TOLEDO, OH (WTOL) - The Toledo Zoo, along with the Ohio Hellbender Partnership, is releasing 230 hellbenders into their historic native streams.
Eastern hellbenders are the largest North American salamander... and they look like a frog, snake and fish merged together. Not scary at all.
According to the zoo, hellbenders spend their entire lives under rocks (thank goodness), eating crayfish and insects... all the while breathing through gill-like folds in their skin.
The giant salamanders are native to the Ohio River watershed and come in a variety of brown colors. They have large tails and four legs. The species is endangered due to pollution, sedimentation and habitat loss.
Kent Bekker, the director of conservation research at the zoo, says the only way to get these hellbenders back in the water is through programs like this one.
"Hellbenders are a great predictor of a high quality stream habit here in Ohio," said Bekker. "So historically, some of these animals were eliminated from reaches of stream especially before the clean water act due to pollution and things like that."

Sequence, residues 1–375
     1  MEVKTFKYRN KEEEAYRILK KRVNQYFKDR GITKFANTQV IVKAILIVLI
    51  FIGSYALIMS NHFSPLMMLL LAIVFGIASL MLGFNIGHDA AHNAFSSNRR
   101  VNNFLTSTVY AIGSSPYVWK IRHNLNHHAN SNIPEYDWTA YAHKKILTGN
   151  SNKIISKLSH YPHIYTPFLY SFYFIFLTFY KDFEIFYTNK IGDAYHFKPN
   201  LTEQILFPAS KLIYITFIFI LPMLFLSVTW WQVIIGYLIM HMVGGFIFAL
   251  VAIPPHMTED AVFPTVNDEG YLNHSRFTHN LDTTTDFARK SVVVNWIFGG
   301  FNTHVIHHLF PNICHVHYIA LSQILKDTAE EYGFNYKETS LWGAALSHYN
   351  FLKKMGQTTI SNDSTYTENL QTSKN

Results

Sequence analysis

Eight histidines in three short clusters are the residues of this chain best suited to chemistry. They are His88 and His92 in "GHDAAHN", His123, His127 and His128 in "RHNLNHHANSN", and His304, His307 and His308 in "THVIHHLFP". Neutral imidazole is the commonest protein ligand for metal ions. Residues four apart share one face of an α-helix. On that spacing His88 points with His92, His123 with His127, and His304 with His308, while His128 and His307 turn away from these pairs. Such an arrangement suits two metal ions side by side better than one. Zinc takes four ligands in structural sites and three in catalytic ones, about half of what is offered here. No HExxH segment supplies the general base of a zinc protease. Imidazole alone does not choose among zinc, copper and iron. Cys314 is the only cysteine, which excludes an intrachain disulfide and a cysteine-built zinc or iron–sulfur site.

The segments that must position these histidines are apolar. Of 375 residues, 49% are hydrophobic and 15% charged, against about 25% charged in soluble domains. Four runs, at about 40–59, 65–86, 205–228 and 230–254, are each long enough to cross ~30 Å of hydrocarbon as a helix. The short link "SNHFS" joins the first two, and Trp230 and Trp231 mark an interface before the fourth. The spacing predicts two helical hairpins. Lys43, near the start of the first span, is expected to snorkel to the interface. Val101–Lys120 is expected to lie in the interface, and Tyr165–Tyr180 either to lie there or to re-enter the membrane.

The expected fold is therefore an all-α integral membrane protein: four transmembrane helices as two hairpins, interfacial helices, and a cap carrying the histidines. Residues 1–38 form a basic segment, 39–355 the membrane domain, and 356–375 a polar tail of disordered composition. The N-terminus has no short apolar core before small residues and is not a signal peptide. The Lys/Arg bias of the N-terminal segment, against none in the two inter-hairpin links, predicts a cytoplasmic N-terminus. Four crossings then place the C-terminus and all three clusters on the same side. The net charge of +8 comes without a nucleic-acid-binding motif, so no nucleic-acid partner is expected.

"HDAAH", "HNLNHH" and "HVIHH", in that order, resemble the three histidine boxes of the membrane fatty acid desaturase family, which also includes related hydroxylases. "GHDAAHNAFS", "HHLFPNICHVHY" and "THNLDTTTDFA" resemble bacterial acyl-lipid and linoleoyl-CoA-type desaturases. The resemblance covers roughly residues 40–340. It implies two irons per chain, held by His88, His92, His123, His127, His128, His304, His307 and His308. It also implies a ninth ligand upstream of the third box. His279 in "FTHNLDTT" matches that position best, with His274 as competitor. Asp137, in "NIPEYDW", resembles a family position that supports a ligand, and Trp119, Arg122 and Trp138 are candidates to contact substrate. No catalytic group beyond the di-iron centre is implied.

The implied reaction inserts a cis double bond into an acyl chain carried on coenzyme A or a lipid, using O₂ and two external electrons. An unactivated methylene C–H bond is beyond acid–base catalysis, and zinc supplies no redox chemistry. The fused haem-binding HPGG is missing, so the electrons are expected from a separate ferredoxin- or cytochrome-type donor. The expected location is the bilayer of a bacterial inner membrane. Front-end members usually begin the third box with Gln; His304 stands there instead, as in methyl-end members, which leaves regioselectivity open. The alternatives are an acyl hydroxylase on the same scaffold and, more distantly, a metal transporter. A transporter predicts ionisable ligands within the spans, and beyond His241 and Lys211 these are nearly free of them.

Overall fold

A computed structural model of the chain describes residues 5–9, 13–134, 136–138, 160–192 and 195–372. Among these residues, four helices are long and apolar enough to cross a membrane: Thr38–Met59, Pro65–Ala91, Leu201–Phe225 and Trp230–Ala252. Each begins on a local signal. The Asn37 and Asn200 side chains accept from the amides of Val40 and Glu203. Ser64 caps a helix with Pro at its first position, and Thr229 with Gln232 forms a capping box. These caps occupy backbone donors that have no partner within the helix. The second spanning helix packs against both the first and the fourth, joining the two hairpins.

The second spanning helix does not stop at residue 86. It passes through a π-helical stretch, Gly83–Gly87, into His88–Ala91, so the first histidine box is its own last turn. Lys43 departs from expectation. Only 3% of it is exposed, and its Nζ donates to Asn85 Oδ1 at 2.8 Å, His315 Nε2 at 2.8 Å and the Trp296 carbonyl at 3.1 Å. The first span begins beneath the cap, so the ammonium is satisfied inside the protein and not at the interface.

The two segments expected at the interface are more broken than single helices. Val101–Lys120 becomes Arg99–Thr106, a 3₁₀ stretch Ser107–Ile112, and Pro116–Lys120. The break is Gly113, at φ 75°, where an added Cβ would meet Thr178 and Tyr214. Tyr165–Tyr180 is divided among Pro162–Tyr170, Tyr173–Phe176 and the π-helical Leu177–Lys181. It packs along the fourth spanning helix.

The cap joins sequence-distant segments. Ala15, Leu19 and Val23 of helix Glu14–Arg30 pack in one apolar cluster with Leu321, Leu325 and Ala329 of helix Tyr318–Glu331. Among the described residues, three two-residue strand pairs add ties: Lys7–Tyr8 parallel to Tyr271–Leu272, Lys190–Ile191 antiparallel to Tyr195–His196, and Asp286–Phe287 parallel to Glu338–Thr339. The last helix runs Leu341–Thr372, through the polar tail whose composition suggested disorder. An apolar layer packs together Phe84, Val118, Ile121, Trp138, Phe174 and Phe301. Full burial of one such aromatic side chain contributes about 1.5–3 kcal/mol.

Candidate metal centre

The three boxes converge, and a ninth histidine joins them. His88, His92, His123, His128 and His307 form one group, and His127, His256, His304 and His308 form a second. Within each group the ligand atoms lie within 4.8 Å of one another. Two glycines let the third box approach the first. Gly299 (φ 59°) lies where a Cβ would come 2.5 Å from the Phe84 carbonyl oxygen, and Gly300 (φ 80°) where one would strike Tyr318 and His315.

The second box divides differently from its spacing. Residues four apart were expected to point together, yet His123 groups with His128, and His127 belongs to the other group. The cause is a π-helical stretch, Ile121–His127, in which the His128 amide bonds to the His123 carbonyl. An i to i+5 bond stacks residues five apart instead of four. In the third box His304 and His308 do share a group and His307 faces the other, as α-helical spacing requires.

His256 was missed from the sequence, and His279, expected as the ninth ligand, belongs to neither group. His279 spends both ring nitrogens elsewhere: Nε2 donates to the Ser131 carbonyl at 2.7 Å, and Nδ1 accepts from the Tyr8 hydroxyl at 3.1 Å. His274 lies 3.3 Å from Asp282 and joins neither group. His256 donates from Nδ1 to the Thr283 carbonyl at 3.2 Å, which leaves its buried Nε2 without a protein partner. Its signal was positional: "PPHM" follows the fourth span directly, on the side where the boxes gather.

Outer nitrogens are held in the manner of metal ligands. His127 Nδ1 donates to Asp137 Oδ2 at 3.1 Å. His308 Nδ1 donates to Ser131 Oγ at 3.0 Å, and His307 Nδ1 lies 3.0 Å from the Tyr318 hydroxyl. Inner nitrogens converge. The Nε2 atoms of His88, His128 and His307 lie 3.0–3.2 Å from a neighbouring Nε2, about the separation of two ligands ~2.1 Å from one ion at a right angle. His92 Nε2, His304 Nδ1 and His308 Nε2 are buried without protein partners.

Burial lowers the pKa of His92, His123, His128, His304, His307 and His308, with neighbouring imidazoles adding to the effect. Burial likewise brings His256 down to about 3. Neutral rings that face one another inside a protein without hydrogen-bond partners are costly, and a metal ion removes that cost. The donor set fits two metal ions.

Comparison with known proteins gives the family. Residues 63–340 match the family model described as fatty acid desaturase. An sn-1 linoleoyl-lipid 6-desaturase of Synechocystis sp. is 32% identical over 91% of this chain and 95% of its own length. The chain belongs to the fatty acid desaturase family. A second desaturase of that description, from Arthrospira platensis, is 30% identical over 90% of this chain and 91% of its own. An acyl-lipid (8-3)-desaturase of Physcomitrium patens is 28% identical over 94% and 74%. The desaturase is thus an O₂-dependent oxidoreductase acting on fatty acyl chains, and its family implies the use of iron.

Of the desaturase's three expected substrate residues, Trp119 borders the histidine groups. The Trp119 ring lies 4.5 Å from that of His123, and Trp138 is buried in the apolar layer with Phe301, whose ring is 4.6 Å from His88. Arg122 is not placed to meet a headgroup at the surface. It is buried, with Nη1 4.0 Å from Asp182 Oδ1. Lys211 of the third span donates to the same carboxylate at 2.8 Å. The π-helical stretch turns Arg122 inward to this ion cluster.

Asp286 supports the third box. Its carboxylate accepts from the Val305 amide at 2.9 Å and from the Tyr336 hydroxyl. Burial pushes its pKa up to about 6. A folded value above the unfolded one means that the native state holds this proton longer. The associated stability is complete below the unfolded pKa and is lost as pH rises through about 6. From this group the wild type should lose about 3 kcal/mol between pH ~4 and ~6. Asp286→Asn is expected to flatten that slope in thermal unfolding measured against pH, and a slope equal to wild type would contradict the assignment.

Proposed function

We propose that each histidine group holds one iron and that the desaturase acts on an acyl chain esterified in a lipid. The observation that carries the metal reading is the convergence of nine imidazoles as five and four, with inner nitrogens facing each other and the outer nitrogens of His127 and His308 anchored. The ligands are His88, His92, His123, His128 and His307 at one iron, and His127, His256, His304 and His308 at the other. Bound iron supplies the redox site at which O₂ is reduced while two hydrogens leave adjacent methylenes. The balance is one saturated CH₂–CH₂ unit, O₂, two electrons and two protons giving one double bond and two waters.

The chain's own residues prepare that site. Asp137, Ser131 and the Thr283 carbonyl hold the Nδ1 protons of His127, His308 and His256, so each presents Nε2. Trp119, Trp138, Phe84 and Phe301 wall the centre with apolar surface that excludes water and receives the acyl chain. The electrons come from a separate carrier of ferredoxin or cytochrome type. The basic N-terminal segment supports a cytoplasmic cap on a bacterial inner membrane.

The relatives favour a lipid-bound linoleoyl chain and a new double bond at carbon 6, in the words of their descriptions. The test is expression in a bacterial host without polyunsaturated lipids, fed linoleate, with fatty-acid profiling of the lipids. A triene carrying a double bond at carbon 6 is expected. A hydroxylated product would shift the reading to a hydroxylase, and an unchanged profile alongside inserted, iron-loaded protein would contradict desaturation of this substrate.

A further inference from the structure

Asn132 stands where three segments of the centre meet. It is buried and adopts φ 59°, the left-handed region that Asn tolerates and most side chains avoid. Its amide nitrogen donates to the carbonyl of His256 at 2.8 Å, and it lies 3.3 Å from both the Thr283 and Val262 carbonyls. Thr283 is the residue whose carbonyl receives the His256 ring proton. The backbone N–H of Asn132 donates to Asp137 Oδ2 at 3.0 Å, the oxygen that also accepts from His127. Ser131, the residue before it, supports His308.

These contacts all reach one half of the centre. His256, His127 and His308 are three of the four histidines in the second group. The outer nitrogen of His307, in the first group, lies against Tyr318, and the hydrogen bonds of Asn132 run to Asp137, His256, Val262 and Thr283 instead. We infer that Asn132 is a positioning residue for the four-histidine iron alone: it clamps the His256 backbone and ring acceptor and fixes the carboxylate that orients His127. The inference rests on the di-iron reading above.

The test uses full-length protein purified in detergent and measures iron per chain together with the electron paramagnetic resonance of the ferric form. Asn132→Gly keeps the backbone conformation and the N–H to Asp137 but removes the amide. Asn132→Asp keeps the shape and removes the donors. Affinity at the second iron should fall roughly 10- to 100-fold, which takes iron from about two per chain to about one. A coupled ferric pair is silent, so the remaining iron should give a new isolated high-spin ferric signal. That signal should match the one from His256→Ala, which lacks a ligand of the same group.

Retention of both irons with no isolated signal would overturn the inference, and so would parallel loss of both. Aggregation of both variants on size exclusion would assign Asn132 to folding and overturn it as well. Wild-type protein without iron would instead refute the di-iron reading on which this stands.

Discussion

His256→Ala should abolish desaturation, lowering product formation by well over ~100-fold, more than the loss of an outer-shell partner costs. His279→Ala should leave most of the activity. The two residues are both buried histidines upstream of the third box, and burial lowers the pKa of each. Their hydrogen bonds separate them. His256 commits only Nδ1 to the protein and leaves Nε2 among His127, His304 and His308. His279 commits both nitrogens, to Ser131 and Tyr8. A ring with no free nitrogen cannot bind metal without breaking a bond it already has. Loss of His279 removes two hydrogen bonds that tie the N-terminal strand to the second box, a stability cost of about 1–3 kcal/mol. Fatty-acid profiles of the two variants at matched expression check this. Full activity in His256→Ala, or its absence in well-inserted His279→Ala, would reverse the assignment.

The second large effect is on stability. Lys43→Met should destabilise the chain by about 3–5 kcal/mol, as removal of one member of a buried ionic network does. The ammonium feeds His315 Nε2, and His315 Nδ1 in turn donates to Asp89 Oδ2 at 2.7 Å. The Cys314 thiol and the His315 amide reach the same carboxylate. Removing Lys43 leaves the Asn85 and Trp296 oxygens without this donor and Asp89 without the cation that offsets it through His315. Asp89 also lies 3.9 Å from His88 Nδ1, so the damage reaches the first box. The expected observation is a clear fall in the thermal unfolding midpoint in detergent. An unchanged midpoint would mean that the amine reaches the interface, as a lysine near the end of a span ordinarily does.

The hellbenders that will be released were raised mostly at the Toledo Zoo, along with 50 others that were raised by the Columbus Zoo. This is the sixth year the Zoo has worked with the Ohio Hellbender Partnership to raise and release these state-endangered amphibians.
"In the captive head start program, we are limited by space for rearing hellbenders," said Bekker. "The more space, the more hellbenders. So that is why the Toledo Zoo has the hellbender conservation center here in a modular fashion."
The hellbenders will be three years old and about nine inches long when they're released - that's old and big enough to avoid predators. And experts will be able to track their every move using microchips.
The Toledo Zoo and Ohio Hellbender Partnership have reared more than 800 hellbenders and released more than 150 into their native habitat.